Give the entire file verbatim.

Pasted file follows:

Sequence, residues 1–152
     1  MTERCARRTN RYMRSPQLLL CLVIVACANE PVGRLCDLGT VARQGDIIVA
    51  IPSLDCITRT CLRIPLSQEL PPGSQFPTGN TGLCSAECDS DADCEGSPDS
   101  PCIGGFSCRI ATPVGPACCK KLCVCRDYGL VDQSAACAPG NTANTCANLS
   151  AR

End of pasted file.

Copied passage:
Sequence, residues 1–152
     1  MTERCARRTN RYMRSPQLLL CLVIVACANE PVGRLCDLGT VARQGDIIVA
    51  IPSLDCITRT CLRIPLSQEL PPGSQFPTGN TGLCSAECDS DADCEGSPDS
   101  PCIGGFSCRI ATPVGPACCK KLCVCRDYGL VDQSAACAPG NTANTCANLS
   151  AR